Understanding fly fishing hook size isn’t the sexiest topic around, but your hook is your link to the fish and is closely related to the size of your flies. Pretty sexy stuff! Well, maybe that’s just me thinking. Most fly anglers’ exposure to fly fishing hooks size is when they learn a certain fly fishing hook size that is most effective for catching certain fish species. “What size of flies do you need?”…”oh, size 8.” In many cases, this works just fine, but in others it is downright useless. I remember an engineering student once telling me the story of his experience with understanding physics. He learned one or two rules about physics and thought he really understood everything there is to now about physics. Then he learned ten more rules and understood that all of those rules affect the first rules he had learned. Like with the rules of physics, fly fishing hook size is based off of a ton of different features that truly determine the “size” of your hook, and when you change your thinking on fly fishing hook size, you can hook and land way more fish. Remember this…fly fishing hook size is not a number on the package. Before you read further, take the little test below in the photo.
FLY FISHING HOOK SIZE: THE BASICS
Most people understand fly fishing hook size through years of fly fishing experience. You get a general knowledge of hook size when you’ve seen dozens of them. You learn quickly that the smallest flies have a bigger number and that the biggest ones have a small number. They range from the minute 32 to the large 1.
However, this changes when you move past 1. Now, the larger the size, the larger the hook. You now add a zero, for example, 1/0, which is bigger than a 1, 2 or 32. This system gives you the puny 32 to the shark-sized 20/0. This system is really not reliable at all, however, and the system for designating fly fishing hook size has been in constant change over the centuries.
With modern fly tying hooks, there is really no universal standard hook size to begin with. For example, we can’t start with a hook that is a size #10 and that is 10mm long, because not all brands have the same #10 designation. They are close, but they are not exact. The present system is reliable to a certain extent, for example, a #12 hook will almost always be “larger” than a #22. In reality, very infrequently is this helpful when you are tying or getting information on fly fishing hook size. If you are a beginner and you are confused about the hook sized, consult someone who ties flies and ask them what the most common models are for a given fly pattern. This will help you to become familiar with general sizes. However, pay attention to all of the descriptions on the package. Once you understand what these are saying, you don’t have to worry about these numbers anymore, as long as the overall proportions are correct for the natural that you are trying to imitate, for example.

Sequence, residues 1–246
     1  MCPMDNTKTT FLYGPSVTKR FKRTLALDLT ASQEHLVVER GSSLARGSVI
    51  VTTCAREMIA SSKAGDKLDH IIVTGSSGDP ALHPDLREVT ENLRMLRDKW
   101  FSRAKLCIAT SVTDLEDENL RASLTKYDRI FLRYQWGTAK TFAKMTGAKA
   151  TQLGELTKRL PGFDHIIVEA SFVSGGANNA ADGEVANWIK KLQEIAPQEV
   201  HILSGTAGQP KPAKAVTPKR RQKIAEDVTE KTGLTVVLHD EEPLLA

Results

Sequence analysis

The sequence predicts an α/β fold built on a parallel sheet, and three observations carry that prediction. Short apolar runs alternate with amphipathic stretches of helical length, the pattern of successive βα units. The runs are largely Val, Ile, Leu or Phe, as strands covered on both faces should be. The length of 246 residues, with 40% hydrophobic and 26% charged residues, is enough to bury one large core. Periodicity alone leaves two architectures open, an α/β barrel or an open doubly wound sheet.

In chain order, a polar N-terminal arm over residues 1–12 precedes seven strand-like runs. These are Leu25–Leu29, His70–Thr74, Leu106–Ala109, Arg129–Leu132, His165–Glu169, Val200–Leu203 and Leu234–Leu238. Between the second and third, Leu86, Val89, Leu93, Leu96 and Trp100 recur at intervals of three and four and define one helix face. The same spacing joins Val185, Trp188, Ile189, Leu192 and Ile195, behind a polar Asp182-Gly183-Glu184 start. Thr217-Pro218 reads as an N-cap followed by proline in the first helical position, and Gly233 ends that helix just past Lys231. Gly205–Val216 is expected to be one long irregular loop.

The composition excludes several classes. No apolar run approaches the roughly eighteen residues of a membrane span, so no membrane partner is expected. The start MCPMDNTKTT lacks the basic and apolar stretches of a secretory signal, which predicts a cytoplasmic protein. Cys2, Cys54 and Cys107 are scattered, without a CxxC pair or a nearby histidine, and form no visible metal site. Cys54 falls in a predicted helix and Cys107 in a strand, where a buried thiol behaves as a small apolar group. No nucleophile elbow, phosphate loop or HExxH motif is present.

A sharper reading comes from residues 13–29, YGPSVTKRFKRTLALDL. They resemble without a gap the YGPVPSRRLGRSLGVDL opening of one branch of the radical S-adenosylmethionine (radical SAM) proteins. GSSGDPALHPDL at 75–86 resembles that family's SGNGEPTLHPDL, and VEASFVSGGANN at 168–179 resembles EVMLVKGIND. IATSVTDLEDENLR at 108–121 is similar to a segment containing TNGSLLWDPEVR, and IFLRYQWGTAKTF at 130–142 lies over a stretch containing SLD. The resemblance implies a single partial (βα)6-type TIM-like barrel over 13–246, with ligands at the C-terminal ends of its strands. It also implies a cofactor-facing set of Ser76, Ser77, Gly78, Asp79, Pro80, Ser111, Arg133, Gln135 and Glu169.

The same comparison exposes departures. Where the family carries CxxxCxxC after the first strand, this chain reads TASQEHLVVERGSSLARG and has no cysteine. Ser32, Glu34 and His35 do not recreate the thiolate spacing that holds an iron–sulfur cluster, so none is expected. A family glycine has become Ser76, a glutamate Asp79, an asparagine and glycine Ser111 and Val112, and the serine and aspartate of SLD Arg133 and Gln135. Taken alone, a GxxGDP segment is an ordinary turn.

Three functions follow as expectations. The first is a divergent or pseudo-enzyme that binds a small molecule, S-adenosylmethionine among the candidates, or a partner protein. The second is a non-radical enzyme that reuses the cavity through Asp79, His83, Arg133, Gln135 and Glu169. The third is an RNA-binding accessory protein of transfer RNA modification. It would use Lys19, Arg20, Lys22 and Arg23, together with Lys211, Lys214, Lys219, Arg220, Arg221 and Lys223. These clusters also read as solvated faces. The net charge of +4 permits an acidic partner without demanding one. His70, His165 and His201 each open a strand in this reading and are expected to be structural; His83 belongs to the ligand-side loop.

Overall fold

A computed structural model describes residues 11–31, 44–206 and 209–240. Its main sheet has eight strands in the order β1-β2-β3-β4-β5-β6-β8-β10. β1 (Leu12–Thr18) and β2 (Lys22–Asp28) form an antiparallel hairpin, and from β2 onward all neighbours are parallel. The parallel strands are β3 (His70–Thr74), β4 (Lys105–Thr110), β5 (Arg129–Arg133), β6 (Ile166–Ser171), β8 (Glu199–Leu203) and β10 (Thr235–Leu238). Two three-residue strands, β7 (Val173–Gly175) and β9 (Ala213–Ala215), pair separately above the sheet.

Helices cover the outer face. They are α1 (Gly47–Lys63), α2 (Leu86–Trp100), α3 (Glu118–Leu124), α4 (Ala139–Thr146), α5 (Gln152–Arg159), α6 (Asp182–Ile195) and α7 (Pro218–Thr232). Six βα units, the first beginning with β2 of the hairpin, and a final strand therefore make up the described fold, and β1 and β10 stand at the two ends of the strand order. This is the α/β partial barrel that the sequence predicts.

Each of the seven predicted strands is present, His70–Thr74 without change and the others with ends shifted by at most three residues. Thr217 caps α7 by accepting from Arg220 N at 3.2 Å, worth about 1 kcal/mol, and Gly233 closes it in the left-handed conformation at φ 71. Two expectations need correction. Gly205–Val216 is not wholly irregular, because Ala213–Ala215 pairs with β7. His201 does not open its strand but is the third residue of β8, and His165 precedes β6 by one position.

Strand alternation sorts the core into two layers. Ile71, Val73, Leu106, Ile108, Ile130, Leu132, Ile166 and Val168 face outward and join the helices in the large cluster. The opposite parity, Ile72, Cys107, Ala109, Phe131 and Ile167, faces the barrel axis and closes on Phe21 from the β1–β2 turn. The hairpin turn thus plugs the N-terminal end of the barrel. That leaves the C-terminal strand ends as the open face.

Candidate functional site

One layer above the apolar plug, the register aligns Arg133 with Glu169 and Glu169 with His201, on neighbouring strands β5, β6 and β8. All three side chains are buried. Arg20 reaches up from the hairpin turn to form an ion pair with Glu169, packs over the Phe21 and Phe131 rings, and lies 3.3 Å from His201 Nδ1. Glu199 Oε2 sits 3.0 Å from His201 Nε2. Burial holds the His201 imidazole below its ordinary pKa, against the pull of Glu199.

The numbers on fishing hook packages, used to designate fly fishing hook size, can at times be useful once you become familiar with most of the styles and brands of hooks, but you should not pay much attention to them if you want to choose the best hook for the job. Sometimes the number will be fine with what you want, but at times, it will be nowhere near. Think outside the box and don’t be restricted by a number. If you find a hook that is a 2/0 that is the perfect hook for flies normally tied as #4s, then use it if it’s right. The huge amount of variables with fly fishing hook size give you this freedom and you should become familiar with what these variables are.
FLY FISHING HOOK SIZE: FEATURES THAT CHANGE YOUR HOOK SIZE
When you think about hook size, you may think of shank length more than anything. The shank of the hook allows you to create longer and more substantial flies by tying the materials over the available room on the hook. The proportion of the natural that you are trying to imitate usually determines how long of a shank you want. The problem is that hooks can come in various shank lengths even with the same number designation. For example, a #8 hook can be #8 2x long, 3x short, 4x long. The x system normally means that the hook is sized up one hook size (this is not universal). For example, a #10 1x long hook, has a shank that is approximately the size of a #8 “normal” hooks. However, to make matters worse, the “original” “normal” hook shank length varies slightly from brand to brand. Putting aside this brand variance, the x system means that you can literally have a #6 6x hook that can be used to tie a fly as equally as big as a #8/0 big game hook. There are ten steps in between these two hooks (6, 4, 2, 1, 1/0, 2/0, 3/0, 4/0, 5/0, 6/0, 7/0, 8/0), but the fly would be the exact same size if measured with a ruler, i.e., the shanks are nearly equal in size. This is an extreme example, but this fact exists at all levels of fly size, and it gets really important when you use a few hooks of different shank sizes for one particular fly. Of course, shank size is not the only feature to think about, it’s the combination of all the features (just like the physics rules) that make up the overall fly fishing hook size.